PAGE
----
According to American Humane, the incubation period — the length of time between exposure to a disease and the onset of clinical signs — for rabies can vary greatly. The rabies virus is relatively slow moving through nerve tissues, and the incubation period depends on the entry wound’s location and severity and the animal’s immune system. Generally, the farther the wound is from the brain, the longer the incubation period will be. The average time of incubation from exposure to brain involvement is 3 to 8 weeks in dogs, 2 to 6 weeks in cats and 3 to 6 weeks in people. However, incubation periods as short as 9 or 10 days and as long as 6 months in dogs and 12 months in people have been reported.

7. Not all rabid animals will be aggressive.

Although “rabies” originates from the Latin word that means “to rage” and aggressive behavior is common, rabies-infected animals may show a wide variety of signs. Very few behavioral signs can be attributed only to rabies and not other diseases.

During the virus incubation period, the rabies virus enters the nerve endings around the bite wound and moves along the nerve to the brain where it multiplies in brain cells. It then travels along nerves to the salivary glands where it appears in saliva.

After the rabies virus reaches the brain, a cat or dog may show signs of one, two or all three different rabies phases. In the early (prodromal) phase, friendly animals may become shy or irritable and may snap, while ordinarily aggressive animals may become more affectionate and meek. In addition, dogs and cats may act nervous, apprehensive or anxious and a fever may occur. Most animals will constantly lick the bite wound site.

Wild animals may lose their natural fear of people and display unusual behavior. For example, an animal that is usually only seen at night may be seen wandering in the daytime.

As the disease progresses, cats and dogs typically develop hypersensitivity to light and sound. In this “furious” stage, they appear restless, irritable or agitated, drool excessively, bite or snap at real and imaginary objects, or become extremely vicious. In this phase, pets also become disoriented and have seizures before they die.

In the final stage of rabies, known as the paralytic phase, the nerves controlling the head and throat are paralyzed. Pets can move into this stage either after the prodromal or furious stage. Animals appear to hypersalivate because they’re unable to swallow. As paralysis progresses, deep, labored breathing occurs and the animal eventually goes into respiratory failure and dies.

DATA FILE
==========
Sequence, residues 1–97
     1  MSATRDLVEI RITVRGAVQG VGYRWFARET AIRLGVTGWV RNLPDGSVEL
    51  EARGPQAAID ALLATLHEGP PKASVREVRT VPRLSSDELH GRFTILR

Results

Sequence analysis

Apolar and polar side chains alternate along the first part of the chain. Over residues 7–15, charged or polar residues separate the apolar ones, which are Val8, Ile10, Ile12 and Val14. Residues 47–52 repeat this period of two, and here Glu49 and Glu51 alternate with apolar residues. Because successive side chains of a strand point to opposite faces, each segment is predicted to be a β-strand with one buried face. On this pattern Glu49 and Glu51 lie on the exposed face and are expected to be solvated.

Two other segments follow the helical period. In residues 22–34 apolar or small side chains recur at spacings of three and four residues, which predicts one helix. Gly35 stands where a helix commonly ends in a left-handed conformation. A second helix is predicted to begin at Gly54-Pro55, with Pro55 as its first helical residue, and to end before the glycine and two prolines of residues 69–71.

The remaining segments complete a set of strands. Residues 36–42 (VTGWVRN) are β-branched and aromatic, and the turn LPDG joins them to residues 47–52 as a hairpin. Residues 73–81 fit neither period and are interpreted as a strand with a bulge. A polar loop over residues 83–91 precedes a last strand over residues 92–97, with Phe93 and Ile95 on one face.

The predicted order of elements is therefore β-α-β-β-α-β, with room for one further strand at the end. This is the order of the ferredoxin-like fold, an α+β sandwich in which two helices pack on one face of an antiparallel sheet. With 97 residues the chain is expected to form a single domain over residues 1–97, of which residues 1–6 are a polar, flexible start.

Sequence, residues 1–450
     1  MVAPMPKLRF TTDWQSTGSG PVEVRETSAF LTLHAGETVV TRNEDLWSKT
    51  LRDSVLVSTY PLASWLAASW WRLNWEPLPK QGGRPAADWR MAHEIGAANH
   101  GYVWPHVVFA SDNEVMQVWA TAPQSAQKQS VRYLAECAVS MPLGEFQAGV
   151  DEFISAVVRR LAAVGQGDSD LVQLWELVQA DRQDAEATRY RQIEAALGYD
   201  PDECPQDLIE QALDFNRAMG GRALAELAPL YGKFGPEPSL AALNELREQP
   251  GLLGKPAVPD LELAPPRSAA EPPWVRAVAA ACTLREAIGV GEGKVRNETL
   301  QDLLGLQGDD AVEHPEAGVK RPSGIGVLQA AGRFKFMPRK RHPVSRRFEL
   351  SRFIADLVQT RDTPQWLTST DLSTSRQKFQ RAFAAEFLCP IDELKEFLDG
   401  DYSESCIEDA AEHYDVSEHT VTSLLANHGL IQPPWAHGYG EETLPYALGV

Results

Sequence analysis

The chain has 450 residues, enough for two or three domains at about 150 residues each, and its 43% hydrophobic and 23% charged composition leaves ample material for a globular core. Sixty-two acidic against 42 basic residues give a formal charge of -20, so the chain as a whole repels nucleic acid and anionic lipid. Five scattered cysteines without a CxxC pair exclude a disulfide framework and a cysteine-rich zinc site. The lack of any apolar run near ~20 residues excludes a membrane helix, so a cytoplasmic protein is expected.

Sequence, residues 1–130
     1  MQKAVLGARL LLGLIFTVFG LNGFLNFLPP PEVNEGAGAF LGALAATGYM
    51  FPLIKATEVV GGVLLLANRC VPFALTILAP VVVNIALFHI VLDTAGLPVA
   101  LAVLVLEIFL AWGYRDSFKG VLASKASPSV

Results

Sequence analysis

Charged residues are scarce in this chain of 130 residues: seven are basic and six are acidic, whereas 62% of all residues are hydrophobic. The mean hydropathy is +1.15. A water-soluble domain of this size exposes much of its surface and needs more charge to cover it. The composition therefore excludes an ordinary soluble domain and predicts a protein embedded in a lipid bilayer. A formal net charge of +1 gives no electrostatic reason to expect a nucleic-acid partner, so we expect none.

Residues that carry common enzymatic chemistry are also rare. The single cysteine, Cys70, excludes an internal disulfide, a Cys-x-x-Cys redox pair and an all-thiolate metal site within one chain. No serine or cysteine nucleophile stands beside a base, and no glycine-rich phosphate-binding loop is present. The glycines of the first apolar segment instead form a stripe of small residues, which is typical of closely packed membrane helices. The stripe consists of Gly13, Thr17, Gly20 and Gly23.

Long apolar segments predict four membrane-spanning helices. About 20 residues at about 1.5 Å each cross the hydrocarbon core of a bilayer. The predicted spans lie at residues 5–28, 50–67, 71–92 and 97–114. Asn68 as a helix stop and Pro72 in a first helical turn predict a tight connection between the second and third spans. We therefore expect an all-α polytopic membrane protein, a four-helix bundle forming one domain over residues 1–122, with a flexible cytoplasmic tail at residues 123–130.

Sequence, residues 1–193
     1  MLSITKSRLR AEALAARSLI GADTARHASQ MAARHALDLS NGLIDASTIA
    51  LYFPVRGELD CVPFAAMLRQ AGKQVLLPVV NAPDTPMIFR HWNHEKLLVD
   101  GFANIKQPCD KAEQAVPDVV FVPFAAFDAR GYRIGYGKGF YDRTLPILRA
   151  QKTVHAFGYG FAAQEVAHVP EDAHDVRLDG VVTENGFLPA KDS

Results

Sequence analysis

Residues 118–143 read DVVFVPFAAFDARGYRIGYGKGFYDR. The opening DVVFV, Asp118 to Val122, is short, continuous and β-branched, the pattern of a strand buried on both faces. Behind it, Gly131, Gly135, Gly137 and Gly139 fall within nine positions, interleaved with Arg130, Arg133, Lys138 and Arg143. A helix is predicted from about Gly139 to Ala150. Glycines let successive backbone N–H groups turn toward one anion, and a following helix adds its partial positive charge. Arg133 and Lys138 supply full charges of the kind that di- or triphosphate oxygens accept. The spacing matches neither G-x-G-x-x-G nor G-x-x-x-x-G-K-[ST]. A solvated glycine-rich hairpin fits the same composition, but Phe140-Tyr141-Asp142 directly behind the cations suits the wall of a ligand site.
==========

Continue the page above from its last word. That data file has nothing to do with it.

8. Rabies is (almost) always fatal.

Hands down, rabies is the deadliest infectious disease on earth with a 99.9 percent fatality rate once the outward signs of disease appear. People can be treated after exposure to a potentially rabid animal, known as post-exposure prophylaxis, that stops rabies infection before symptoms are present. However, there’s no post-exposure prophylaxis option available for pets. Rabies is always fatal in unvaccinated pets, which is why keeping rabies vaccinations up to date with regular boosters is so important for both dogs and cats.

Not only is there no effective treatment for pets once signs of rabies infection appear, there are no blood tests that veterinarians can perform to test for rabies. The only way to test for rabies is to examine brain tissue under the microscope.

9. Rabies in pets is preventable.

Vaccinating your pets — both dogs and cats — is the best way to prevent a rabies infection because properly vaccinated pets are very unlikely to contract the disease.

Vaccination of dogs is required by law in many U.S. jurisdictions. Mandatory vaccination for cats varies from state to state. However, communities within a state may mandate vaccination for dogs, cat and/or ferrets (if ferrets are legal to own in your state), so it’s important that you know the laws regarding rabies vaccination in your city, county and/or state. Your veterinarian can tell you the recommended or required frequency of vaccination in your area.

There’s much more pet owners should know about the laws and regulations concerning rabies vaccinations and pets, especially if your pet should bite someone, bite another pet or be bitten by someone else’s pet or a wild animal. Talk with your veterinarian about the likelihood of rabies in your area and steps you can take to protect your pets.

The information in this blog has been developed with our veterinarian and is designed to help educate pet parents. If you have questions or concerns about your pet's health or nutrition, please talk with your veterinarian.